Reading DISPARITIES (4): non-standard ontology and its standard shadow

In the introduction and the first chapter to DISPARITIES Zizek has emphasised that his work is not only to be understood in terms of ideological critique but also as ontological critique. He is not just a  media critic or a theorist in the field of cultural studies but first and foremost a philosopher who is proposing a new, non-standard ontology.

This ontological project leads Zizek to give a critical account of the differences between his own ontology and the seemingly similar positions defended by object-oriented ontology (OOO). It emerges from Zizek’s critique of the work of Levi Bryant, who has elaborated a naturalistic version of OOO, that OOO represents a pre-modern regression within standard Kantianised philosophy rather than a significant advance beyond it.

Zizek’s critique of OOO has many points of convergence with my own analysis of OOO and with my critique of Levi Bryant’s naturalistic version (see also:

The overarching idea is that far from breaking away from standard ontology, developped under the sway of what OOO calls “correlationism”, OOO constitutes merely a further step within the Kantian paradigm, merely universalising the distinction between noumenon and phenomenon, internalising it within each object. One may object here: this distinction itself remains transcendental, it is not naturalised, it is not treated as itself an empirical hypothesis but as a necessary posit. More generally, OOO’s basic propositions are purely subjective posits, and its “method” is none other than subjective intuition.

Zizek traces a double movement, firstly one of naturalisation under the aegis of science, accompanied by secondly, and more superficially, a movement of re-enchantment. This is OOO’s way of avoiding the nihilistic consequences of Ray Brassier’s position. The ascetic worldview of naturalism, which reduces subject back to substance, is supplemented with the euphoric vocabulary of a pre-modern vocabulary expressing the interiority of things, a description of their “inner life”.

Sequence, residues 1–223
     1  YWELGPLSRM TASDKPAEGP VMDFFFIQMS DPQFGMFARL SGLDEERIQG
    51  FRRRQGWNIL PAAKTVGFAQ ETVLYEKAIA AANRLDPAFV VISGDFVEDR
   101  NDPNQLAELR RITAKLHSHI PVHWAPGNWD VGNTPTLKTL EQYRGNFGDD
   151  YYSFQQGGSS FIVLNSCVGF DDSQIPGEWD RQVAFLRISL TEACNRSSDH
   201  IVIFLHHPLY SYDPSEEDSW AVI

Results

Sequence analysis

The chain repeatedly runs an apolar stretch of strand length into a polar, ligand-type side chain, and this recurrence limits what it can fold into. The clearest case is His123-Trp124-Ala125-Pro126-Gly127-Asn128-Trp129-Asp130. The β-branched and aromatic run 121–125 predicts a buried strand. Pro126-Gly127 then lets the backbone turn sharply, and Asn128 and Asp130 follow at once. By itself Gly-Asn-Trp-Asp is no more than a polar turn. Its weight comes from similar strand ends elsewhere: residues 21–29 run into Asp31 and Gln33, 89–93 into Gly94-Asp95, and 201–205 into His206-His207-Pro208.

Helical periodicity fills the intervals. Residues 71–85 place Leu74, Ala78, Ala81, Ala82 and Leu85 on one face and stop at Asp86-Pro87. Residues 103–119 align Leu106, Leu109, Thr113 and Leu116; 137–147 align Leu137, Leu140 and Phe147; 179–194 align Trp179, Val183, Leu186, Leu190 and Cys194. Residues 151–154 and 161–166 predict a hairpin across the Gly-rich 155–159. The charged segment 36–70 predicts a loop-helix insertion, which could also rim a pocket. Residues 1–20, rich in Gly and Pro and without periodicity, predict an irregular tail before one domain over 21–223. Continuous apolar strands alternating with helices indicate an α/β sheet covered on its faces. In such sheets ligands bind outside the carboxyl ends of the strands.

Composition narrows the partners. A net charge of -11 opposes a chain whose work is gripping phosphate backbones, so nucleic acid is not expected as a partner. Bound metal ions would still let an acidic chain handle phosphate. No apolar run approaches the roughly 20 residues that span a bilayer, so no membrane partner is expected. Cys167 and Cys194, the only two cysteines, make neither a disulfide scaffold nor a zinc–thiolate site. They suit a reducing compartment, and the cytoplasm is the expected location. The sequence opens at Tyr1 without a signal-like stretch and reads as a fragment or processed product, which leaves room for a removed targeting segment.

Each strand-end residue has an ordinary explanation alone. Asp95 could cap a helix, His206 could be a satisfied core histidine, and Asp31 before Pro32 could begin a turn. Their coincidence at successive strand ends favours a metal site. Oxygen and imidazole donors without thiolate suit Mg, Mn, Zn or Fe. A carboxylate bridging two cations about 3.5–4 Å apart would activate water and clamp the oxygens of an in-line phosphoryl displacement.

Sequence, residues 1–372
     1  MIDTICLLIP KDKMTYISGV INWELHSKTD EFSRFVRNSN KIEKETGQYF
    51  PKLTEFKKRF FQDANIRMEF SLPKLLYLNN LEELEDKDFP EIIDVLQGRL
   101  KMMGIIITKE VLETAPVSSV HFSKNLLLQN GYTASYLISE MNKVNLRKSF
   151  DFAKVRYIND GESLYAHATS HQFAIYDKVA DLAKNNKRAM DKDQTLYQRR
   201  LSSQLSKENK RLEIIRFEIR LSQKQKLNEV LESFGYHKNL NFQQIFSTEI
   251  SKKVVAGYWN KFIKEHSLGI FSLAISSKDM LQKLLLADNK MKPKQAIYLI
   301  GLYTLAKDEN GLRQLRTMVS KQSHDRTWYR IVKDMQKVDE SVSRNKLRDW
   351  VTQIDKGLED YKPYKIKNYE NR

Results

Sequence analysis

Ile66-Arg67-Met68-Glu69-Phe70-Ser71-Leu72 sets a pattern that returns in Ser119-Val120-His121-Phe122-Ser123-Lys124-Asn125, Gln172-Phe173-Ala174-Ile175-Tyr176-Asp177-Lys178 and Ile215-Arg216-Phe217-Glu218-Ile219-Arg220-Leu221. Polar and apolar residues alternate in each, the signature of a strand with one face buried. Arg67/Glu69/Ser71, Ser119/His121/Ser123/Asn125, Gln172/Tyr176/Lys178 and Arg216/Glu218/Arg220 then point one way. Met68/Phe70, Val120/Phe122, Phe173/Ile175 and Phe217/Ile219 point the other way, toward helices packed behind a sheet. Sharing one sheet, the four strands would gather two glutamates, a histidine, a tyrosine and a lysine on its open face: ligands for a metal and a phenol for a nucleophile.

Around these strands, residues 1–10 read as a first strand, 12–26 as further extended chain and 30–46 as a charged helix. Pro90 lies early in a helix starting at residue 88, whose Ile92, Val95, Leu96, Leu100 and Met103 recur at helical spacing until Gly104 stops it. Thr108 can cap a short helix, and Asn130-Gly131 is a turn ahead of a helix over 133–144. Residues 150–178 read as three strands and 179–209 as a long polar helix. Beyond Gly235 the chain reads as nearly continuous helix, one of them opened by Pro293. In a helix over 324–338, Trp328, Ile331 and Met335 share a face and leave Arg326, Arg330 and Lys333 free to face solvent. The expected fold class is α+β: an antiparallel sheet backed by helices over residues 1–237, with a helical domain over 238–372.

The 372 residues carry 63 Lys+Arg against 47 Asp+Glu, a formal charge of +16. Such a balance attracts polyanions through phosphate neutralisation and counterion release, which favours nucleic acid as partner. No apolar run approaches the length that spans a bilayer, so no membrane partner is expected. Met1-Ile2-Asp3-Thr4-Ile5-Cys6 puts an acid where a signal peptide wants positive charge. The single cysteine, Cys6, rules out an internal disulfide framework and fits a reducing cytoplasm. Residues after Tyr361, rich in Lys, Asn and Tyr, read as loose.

In appearance OOO seems to operate a necessary de-centering away from the primacy of human subjectivity and a re-centering on an objective field of objects and their relations. However, the real contribution of OOO to modern naturalism is as a secondary ontological discourse that enacts the triumph of human subjectivity.

Thus the overt conceptual aim of OOO, to critique the purported correlationist primacy of subject over object within recent philosophy, is a mask for a covert ideological operation: to provide an ideology that combines elements of a progressive account of modern science with a regressive pre-modern ontology.

OOO proposes a strong critique of the primacy of epistemology and effects its replacement by pre-modern ontology. Zizek notes that OOO’s critique of epistemology is inadequate and that it is made in the name of an ontology unable to break with standard metaphysics and its standard critique. OOO’s vision of the Real is based on a mixture of pre-critical naiveté and Kantian limitation.

For Zizek, OOO’s biggest defect lies in its inability to see that the lacunae, limitations, distortions, obstacles, and impossibilities of epistemology are themselves ontological features rather than simple epistemic failures. In a slogan: Kantian loss is Hegelian gain.

Zizek’s analysis concludes that far from constituting a non-standard alternative to current “correlationist” philosophies, OOO is standard dualistic philosophy proposing a simplistic de-subjectivised ontology of the real as the in-itself of objects beyond our sensual reach, radically inaccessible not only to us and to other objects, but also to themselves. For OOO objects self-withdraw. Zizek argues that this concept of “self-withdrawal” is incoherent, as it implies the prior existence of a Self as substance.